BAROmetric Differential Absorption Radar (BARODAR)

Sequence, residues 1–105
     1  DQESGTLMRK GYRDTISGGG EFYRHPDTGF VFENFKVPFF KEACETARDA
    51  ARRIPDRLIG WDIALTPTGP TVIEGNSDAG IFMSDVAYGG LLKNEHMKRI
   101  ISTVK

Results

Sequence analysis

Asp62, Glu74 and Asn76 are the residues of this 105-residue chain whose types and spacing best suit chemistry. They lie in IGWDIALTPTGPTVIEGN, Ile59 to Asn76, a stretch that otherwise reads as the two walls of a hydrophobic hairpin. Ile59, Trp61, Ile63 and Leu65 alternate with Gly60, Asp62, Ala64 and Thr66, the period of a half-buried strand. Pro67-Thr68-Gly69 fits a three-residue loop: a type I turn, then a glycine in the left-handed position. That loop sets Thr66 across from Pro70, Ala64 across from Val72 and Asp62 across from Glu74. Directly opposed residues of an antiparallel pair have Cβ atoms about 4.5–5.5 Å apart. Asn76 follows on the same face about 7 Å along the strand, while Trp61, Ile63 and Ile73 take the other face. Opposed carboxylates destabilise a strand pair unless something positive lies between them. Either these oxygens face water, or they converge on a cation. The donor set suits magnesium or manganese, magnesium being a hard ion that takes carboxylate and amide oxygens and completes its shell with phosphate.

The prediction of weather and understanding of climate change, on timescales ranging from hours to centuries, remains key challenges for society. In a warming climate, the intensity and frequency of devastating weather events are increasing, with more casualties and greater infrastructure damage. In line with ESA’s Earth Observation Science Strategy, the BARODAR mission has the potential to provide an unprecedented 10 km spatial resolution for global surface air pressure measurements, at high accuracy and temporal resolution, for the first time from space. Surface air pressure is one of the most important parameter in Numerical Weather Prediction (NWP) and climate models. Currently only ground based measurements of surface pressure are available from weather monitoring stations. These cover less than 30% of Earth’s surface and are supplemented over the oceans by reports from ships, buoys. The coverage of the land-based network is highly inhomogeneous, with relatively dense coverage over Europe and North America but sparse coverage over Africa, South America, large regions of Asia, and Antarctica. The coverage over oceans is, by contrast, extremely sparse in relation to the typical spatial scales of synoptic weather systems. The high latitudes ocean areas in both northern and southern hemispheres are particularly sparsely sampled. Three areas that stand out as particularly problematic: the Southern Ocean, the Arctic and the Antarctic continent. The fact that weather forecasting is less successful in these three particular areas, as measured with many different metrics, is partly attributed to the lack of surface air- pressure observations. The only way to provide global coverage is by satellite remote sensing. Thus, there exists a clear requirement for a global surface pressure measurement capability. Figure 1 shows an example of the distribution of in-situ reports available for initiation of NWP models. Global surface pressure measurements from space will improve the forecast power of NWP dramatically, saving lives and mitigating the effects of natural disasters. BARODAR mission data applications include Numerical Weather Prediction models (NWP), climate, atmospheric composition, gravity, ocean dynamics and sea level monitoring.